Story By Hannah Lester / Photos Contributed
Lee County has taken steps to honor Purple Heart Veterans. A jaunt through the county and cities of Auburn and Opelika reveal roadways, signs and designated parking spots for Purple Heart Veterans.
Veterans receive a Purple Heart Distinction if they were wounded in combat. Lee County has 136 Purple Heart Veterans.
“For those of you who may not be aware, the Purple Heart is awarded to a soldier who is wounded in combat or killed,” said late Lee County Commissioner Johnny Lawrence at a meeting to announce Lee County as a Purple Heart County. “So this is not one of those [awards] you get for doing just a very, very good job. You’ve actually got to be willing to lay it right there, all on the line in order to receive it.”
The process of creating a Purple Heart County can be lengthy but is a sure way to honor veterans.
Lee County took its first steps when it became a part of the Purple Heart Trail, Lawrence said.
“The purpose of the Purple Heart Trail is to create a symbolic and honorary system of roads, highways, bridges and other monuments that give tribute to the men and women who have been awarded the Purple Heart medal,” according to purpleheart.org. “The Purple Heart Trail accomplishes this honorary goal by creating a visual reminder to those who use the road system that others have paid a high price for their freedom to travel and live in a free society.”
Lee County officially declared itself a Purple Heart County at the Sept. 30, 2019, Lee County Commission meeting.
“The Lee County Commission hereby declares Lee County a Purple Heart County , honoring the service and sacrifice of our men and women in uniform wounded or killed by the enemy while serving to protect the freedoms of all Americans,” county documents from the meeting said.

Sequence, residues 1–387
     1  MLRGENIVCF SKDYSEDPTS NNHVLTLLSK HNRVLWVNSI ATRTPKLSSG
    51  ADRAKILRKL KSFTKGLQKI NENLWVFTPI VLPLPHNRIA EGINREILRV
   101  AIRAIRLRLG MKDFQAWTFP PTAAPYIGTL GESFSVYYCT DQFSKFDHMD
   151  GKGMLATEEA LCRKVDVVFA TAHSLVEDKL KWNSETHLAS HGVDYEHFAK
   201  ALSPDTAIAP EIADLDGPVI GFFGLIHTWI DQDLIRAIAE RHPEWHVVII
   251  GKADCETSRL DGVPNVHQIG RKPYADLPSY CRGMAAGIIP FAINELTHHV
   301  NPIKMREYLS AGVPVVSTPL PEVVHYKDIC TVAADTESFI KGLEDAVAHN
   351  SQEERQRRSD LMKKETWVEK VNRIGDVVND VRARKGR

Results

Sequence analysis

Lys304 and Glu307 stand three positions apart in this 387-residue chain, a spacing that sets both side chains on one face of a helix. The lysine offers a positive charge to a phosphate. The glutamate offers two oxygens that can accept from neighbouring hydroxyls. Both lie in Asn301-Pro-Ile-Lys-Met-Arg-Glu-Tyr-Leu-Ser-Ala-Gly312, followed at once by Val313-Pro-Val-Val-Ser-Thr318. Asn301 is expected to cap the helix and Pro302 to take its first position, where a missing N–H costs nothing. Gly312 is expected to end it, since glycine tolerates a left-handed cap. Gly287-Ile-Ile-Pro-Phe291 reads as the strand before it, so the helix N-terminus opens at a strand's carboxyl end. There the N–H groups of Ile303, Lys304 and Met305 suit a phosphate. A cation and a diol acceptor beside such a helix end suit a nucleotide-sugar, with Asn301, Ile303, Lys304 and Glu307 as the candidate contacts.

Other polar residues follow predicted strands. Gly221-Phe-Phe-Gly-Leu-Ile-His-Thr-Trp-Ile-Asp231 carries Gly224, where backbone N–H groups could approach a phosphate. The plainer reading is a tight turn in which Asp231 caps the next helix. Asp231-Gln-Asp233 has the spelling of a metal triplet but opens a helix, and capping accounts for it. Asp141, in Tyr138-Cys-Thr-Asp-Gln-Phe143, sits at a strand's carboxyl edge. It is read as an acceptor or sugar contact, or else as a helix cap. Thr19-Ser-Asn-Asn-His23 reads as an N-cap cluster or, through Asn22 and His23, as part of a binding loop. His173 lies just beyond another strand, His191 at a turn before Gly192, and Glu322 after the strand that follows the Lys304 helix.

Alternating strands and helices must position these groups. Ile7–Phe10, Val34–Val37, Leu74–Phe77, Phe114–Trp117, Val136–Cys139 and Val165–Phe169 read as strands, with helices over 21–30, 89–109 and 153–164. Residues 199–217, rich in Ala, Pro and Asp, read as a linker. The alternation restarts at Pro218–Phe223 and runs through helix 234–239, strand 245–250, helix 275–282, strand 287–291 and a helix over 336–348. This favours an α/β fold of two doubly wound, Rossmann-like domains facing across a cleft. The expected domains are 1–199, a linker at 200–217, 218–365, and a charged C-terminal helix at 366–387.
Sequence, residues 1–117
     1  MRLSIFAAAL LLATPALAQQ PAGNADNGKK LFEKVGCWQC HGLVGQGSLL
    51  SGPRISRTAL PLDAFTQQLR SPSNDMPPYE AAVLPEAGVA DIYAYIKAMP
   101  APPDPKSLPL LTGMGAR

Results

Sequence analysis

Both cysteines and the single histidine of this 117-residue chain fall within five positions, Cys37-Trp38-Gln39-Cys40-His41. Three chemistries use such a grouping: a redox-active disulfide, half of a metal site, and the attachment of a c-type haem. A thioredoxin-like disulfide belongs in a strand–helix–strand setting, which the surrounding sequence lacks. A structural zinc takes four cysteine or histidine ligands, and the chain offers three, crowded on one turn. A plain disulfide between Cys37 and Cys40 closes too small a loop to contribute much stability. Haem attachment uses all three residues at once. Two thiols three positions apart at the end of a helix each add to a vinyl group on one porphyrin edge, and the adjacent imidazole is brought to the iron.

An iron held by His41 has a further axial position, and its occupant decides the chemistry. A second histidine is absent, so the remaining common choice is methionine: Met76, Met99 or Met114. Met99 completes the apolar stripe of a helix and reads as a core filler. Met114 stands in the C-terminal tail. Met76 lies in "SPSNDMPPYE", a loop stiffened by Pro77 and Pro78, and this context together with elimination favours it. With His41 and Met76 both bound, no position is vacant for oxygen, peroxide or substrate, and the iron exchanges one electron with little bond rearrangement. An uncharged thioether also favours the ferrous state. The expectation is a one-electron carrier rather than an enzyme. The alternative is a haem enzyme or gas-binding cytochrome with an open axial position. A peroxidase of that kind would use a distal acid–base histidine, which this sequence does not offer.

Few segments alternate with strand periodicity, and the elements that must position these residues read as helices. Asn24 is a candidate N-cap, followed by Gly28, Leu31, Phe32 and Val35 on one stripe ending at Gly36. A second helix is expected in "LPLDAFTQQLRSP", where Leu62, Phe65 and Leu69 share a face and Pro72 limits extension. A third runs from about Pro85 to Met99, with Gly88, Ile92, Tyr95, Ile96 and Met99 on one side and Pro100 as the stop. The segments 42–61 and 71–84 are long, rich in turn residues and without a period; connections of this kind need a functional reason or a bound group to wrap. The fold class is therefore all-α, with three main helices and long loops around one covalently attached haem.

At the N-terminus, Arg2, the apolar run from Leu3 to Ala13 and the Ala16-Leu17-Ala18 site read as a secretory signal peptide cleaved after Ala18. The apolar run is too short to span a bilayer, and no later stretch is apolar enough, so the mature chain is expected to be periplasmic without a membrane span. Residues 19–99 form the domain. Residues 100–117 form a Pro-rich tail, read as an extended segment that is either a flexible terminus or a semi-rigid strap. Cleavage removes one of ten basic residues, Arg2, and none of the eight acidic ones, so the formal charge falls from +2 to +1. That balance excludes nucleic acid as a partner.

Lawrence presented the resolution to the commission and Purple Heart recipient Vann Daughtry spoke of the importance following the approval vote.
Daughtry said that Alabama has the highest veterans’ suicide rate in the nation.
“If you see a veteran, I don’t care if they’re a purple heart veteran, veteran, lady, man, it makes no difference to me,” he said. “Thank them for their service, thank them for what they have done, what they are doing and what they’re going to do. You may save somebody’s life.”
The commission then invited all veterans and attendees to join them outside the courthouse to see the new Purple Heart Veteran parking space.
The Auburn City Council met soon after Lee County’s proclamation and voted to approve the city of Auburn as a Purple Heart City .
“The contributions and sacrifices of the men and women of the city of Auburn that served in the armed forces have been vital in maintaining the freedoms and the way of life enjoyed by our citizens and whereas the city council of the city of Auburn appreciates the sacrifice our Purple Heart recipients made while defending freedom and believe specific recognition be accorded them in appreciation of their courage to demonstrate the honor and support that that have earned,” said Auburn Mayor Ron Anders at the council meeting on Oct. 15, 2019 from the official proclamation.
Anders presented the resolution in the presence of veterans.
“The mission of the Military Order of the Purple Heart is to foster an environment of goodwill among the combat-wounded veteran members of their families, to promote patriotism, to support legislative initiatives and most importantly — make sure we never for get,” Anders said.
Daughtry then presented the city with a certificate of appreciation.
The city of Opelika declared itself a Purple Heart City long before the county or city of Auburn did.
Opelika approved the designation in June, 2013, at a council meeting. The proclamation that was approved listed a few of Lee County’s Purple Heart recipients at the time: David Daughtry, Leslie Digman, Kyle Golden, Lloyd Owens, Lt. Gen. Harold G. Moore, Larry Quinton, Kenneth Rymal and Edward Scherer.
“The city of Opelika has a lar ge population of highly decorated military members, active duty and retired, as well as Purple Heart recipients wounded in combat, living in the community and whereas the city of Opelika has great administration for the men and women who have selflessly served our country and acknowledges our veterans who have paid the high price of freedom by leaving their families and communities behind; placing their own lives in harm’s way for the good of all,” the proclamation read.